Arts & Letters
Lemonade embeds the stadium celebrity back into the civil society traditions of black women.
A coming-of-age film highlights how even in communist Cuba, faith sustains the underclass.
The Holocaust survivor was troubled by an ‘ugly secret’ about the Italians who suffered and died while fighting fascism.
Richard Linklater’s latest film recovers a picture of youth without the iPhone.
To save American exceptionalism, the nation must first let go of imperialism.
Technology can undermine selfless, honest relationships—but it doesn’t have to.
They just don’t make leftists like they used to.
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Will new Southern writing avoid the trap of nostalgia?
Constellations is a moving exploration of the human drive for control.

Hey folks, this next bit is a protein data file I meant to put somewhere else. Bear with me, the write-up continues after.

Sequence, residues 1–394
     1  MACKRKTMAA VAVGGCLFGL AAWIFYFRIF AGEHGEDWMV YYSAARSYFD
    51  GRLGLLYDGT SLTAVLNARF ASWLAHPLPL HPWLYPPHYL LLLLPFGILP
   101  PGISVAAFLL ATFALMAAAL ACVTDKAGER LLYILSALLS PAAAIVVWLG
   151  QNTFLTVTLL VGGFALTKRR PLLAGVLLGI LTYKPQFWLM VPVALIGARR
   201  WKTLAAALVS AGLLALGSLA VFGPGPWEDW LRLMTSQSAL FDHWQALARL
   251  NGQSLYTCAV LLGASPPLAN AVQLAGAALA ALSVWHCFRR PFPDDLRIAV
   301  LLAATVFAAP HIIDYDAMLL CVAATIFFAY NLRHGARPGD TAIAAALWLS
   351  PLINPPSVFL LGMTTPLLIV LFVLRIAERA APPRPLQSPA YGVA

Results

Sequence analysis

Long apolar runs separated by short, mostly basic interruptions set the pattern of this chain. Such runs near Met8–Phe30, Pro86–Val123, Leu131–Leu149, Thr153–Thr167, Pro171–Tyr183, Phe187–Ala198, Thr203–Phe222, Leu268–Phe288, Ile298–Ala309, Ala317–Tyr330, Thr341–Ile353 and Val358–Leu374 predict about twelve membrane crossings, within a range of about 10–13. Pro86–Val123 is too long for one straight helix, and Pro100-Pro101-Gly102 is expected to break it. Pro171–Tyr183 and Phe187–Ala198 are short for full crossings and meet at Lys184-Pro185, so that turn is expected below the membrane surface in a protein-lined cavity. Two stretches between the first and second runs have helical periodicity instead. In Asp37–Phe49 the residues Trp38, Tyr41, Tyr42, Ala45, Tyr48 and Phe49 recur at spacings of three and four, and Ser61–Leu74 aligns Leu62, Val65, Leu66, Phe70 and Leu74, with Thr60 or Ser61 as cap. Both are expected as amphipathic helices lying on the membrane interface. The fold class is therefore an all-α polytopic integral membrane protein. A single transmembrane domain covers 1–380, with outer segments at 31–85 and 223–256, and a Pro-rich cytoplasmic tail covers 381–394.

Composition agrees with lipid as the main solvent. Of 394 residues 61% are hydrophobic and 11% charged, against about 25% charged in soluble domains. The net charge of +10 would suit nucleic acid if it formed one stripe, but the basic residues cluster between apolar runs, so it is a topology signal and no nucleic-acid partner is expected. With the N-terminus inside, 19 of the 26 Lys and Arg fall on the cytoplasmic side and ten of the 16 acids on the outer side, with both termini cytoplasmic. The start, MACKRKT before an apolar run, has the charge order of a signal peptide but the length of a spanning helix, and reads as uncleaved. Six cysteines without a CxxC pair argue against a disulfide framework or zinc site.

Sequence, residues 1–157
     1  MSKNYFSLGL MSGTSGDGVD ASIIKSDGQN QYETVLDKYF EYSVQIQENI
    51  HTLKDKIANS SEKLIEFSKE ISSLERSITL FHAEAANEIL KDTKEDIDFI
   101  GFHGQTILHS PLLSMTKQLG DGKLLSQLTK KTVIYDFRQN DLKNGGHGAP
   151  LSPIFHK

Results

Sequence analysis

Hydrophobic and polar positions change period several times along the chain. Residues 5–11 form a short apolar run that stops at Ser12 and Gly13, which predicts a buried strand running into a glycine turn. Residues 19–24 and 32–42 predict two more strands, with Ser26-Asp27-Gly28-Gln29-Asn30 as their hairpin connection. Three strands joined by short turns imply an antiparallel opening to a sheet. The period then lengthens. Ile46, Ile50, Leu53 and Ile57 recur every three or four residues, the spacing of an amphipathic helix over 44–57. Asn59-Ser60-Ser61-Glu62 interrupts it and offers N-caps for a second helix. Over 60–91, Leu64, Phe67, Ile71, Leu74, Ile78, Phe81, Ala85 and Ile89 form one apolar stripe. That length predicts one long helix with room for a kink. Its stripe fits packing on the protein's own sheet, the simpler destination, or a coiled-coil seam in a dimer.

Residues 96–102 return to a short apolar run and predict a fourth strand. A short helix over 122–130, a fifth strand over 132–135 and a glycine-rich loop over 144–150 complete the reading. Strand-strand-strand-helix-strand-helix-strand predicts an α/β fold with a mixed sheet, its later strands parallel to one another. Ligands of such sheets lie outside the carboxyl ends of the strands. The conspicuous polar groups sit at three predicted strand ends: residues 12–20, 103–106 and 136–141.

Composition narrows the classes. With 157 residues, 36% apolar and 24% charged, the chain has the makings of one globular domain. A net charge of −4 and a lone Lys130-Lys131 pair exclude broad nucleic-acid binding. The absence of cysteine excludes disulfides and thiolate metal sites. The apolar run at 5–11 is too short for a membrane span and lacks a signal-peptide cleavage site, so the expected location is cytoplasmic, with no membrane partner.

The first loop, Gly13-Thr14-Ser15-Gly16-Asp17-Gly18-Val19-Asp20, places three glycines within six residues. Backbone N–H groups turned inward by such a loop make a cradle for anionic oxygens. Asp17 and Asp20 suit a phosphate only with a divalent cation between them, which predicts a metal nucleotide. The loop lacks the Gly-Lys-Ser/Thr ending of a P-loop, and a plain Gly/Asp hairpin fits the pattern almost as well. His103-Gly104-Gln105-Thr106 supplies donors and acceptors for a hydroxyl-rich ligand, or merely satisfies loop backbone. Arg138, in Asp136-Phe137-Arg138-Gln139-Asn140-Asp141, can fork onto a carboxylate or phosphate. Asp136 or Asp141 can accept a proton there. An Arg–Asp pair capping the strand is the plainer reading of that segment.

The historian cannot reduce his subject to a set of facts. He must get to know the man.
The creator of King Kong, who first made his name as a war correspondent, never let moral principle stand in the way of a paycheck.
“The Witch” is a powerful brew of family tragedy, religious drama, and horror show.
Like a great filmmaker, photographer Gregory Crewdson captures the human vulnerability in places we’d rather forget.
Private regulation is often more effective than centralized legal authorities.
The novel ‘Revival’ mixes Ray Bradbury and H.P. Lovecraft to depict an untrusting America.
Eve Tushnet shows that therapy and recovery are mere balms without the work of mercy.
Seneca’s musings on the tension between public and private life remain as approachable and fresh as they were two millennia ago.